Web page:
Unlike some of the software sourced from Asia, the creators of Fytron Software, David Arce and Vaso Vasich, developed it here in the U.S., in California. The two worked with Arce’s father, Dave Arce, to build the software.
“As the son of a machine shop owner and engine builder, I knew there was a need to help machine shops make more money,” David Arce said. “My dad has the industry knowledge in understanding what problems need to be addressed for machine shops to be successful. Vaso and I are software engineers — coders — and we developed Fytron Software.”
Fytron Software customers rave about their U.S.-based customer service. (See “Fytron Software Powers Mullins Race Engines’ Business”.)
“We talk to all of our customers,” said Arce. “They have a direct line to us, and all of their suggestions, needs, and feedback come directly to us. We develop what the customer needs with our knowledge of coding.”
Based on customer input, Arce and Vasich recently introduced templates to speed up invoicing.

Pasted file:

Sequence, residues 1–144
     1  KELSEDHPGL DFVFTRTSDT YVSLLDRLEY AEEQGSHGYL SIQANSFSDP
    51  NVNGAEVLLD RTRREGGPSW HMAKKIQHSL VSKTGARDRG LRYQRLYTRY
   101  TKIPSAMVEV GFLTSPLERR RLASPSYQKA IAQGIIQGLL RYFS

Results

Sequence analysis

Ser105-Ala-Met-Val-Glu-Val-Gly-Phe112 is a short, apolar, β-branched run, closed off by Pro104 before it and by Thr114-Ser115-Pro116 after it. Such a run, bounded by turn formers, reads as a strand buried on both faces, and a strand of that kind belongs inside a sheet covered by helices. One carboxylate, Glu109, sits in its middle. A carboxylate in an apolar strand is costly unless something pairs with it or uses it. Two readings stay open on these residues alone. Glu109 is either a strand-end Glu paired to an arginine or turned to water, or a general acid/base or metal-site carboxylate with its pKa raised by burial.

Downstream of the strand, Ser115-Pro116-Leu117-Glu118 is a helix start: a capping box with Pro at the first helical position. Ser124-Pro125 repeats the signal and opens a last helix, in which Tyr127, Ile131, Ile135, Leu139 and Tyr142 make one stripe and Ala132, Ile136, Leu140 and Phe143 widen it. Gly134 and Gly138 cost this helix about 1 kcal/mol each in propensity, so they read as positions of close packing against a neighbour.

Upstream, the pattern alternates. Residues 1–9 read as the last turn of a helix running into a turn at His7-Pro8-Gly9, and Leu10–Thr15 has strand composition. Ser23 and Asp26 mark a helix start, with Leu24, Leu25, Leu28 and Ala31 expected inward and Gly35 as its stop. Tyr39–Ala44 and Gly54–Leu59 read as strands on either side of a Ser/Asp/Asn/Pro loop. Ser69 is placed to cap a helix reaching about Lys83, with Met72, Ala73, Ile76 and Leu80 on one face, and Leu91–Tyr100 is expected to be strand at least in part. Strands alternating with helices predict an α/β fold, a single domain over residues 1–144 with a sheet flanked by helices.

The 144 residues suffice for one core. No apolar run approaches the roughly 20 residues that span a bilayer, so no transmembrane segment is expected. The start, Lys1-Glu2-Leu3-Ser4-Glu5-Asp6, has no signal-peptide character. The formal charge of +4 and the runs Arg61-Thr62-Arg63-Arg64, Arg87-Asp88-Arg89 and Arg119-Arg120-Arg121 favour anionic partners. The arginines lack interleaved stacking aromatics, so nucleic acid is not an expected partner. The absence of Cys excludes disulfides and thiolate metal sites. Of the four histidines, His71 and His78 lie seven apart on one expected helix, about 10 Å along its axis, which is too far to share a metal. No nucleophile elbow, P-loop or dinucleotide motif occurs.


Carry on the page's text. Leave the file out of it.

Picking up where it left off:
“A template makes it easier for someone in the office, who may not know engine building, to build an invoice,” Arce said. “The machine shop owner or engine builder can stay in the shop and have someone else take on the role of invoicing.”
The software also serves as a project management system.
“Tasks can be assigned to employees of the shop or anyone on the system,” said Arce. “Things like labor and parts can be assigned to make it easier to coordinate what needs to be done.”
Lastly, the software helps with addressing the supply chain issues plaguing the engine-building business.
“There are settings to calculate shop supplies and their ETA,” Arce said. “When there is handwriting, there is forgetting. When there is forgetting, there is lost profit. With Fytron Software, there is no handwriting and no forgetting.”
Outside Groove Note of Transparency: Fytron Software paid for the production of this article. The content was subject to their approval.
This year marks the Outside Groove Director of Photography’s 51st year of covering auto racing. Adaskaveg got his start working for track photographer Lloyd Burnham at Connecticut’s Stafford Motor Speedway in 1970. Since then, he’s been a columnist, writer, and photographer, in racing and in mainstream media, for several outlets, including the Journal Inquirer, Boston Herald, Stock Car Racing, and Speedway Illustrated. Among Adaskaveg’s many awards are the 1992 Eastern Motorsport Press Association (EMPA) Ace Lane Photographer of the Year and the 2019 National Motorsports Press Association (NMPA) George Cunningham Writer of the Year.